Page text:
29 Things Only 90s Kids Will Understand

Twenty20 / cmo9711
Twenty20 / cmo9711
  1. Death.
  2. Life losing its flavor as quickly as a piece of Fruit Stripe gum.
  3. Torturing your Sims just to feel alive. Secretly wishing your Tamagotchi would die.
  4. Gettin’ jiggy with disappointment.
  5. Hailing Satan.
  6. Asking for a refund on your Happy Meal because you accidentally wept all over it.
  7. Rolling virtual dice in a chat room because there are no words to describe your all-encompassing isolation.
  8. Stepdads with frosted tips.
  9. Forsaking Jesus in a Blockbuster.
  10. Dostoevsky.
  11. The desire to craft a definitive and irrevocable away message and remain idle for eternity.
  12. Losing your will to live in a minivan on a road trip to Hershey Park.
  13. Getting bullied by your imaginary friends.
  14. Seeing your hopes and dreams unspool like an Ace of Base cassette tape.
  15. That sinking feeling that Encarta ’95 never had all the answers.
  16. Waldo is fucked.
  17. Buying 12 CDs for a penny, paying for the 13th with your soul (plus $35 shipping and handling).
  18. The unbearable ignominy cast upon you by a shelf of Participation Awards and Good Sportsmanship trophies.
  19. Blowing insignificant specks of dust from a Super Nintendo cartridge and inexplicably weeping.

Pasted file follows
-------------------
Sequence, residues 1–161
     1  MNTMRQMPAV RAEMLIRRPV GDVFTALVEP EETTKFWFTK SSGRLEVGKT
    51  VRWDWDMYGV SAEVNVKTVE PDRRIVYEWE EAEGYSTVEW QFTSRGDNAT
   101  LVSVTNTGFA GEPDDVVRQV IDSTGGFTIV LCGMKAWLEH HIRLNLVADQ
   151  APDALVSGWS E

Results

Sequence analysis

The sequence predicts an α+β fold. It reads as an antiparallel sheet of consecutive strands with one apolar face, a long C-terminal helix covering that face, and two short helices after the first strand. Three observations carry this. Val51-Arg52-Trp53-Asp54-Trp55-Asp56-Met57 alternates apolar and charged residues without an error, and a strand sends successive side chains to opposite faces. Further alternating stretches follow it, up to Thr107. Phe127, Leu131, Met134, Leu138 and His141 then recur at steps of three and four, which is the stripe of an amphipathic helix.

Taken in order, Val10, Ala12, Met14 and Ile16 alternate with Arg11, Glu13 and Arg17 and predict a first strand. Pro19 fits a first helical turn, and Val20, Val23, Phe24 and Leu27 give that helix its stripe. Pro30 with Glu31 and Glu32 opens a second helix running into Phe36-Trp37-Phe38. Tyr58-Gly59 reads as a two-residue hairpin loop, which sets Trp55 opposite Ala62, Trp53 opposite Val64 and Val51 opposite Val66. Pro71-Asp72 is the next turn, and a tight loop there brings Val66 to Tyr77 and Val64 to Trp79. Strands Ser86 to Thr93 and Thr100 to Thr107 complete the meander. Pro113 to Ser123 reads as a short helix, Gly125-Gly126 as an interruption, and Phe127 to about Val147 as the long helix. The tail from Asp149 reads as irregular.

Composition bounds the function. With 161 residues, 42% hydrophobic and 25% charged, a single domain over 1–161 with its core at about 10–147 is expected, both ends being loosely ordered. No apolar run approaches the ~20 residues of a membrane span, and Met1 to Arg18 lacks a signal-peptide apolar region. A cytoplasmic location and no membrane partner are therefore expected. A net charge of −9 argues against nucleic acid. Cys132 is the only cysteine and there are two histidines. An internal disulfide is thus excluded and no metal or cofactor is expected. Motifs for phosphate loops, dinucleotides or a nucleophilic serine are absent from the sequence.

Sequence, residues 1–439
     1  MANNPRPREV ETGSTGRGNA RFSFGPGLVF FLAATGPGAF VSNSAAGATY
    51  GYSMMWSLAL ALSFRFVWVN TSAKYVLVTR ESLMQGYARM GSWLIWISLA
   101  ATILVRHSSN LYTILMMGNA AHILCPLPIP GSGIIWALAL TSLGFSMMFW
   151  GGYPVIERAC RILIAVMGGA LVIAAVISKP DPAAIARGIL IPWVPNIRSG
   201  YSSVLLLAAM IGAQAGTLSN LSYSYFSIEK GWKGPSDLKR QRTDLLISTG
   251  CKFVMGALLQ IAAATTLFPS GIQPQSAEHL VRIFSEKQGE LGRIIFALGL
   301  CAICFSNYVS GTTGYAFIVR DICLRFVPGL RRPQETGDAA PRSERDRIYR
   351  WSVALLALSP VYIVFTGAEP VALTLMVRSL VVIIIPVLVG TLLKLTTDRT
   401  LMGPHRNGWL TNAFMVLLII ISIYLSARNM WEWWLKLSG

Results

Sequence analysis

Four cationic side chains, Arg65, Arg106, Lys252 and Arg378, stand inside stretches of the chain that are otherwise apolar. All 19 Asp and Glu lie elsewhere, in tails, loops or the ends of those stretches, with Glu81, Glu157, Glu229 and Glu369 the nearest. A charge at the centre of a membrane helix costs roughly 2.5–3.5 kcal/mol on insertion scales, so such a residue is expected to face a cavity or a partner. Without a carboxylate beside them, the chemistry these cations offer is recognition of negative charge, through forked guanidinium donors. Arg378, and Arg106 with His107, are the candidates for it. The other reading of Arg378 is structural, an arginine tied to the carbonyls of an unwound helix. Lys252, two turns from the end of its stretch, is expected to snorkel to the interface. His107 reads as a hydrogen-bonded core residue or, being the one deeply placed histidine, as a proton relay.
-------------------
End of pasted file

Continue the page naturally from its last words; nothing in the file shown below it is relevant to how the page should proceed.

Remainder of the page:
20. Forgetting to “Be Kind and Rewind” and then finding out the next day your dad is going on a “permanent business trip.”
  21. The disquieting realization that even Faith Hill can’t save us now.
  22. Woe.
  23. Your childhood delusions slowly decaying in front of a live studio audience in Nickelodeon Studios at Universal Studios, Florida.
  24. Asking a Magic 8-Ball if there was a God and getting the answer “Outlook not so good.”
  25. Having a panic attack at the Book Fair.
  26. Upgrading to AOL 5.4 and feeling that same ol’ loneliness.
  27. The curious urge to fill up a Super Soaker with your tears and ruin Todd’s annual Birthday Pool Party Bash once and for all.
  28. Asking for a bowl-cut as a cry for help.
  29. Melissa Joan Hart. Thought Catalog Logo Mark

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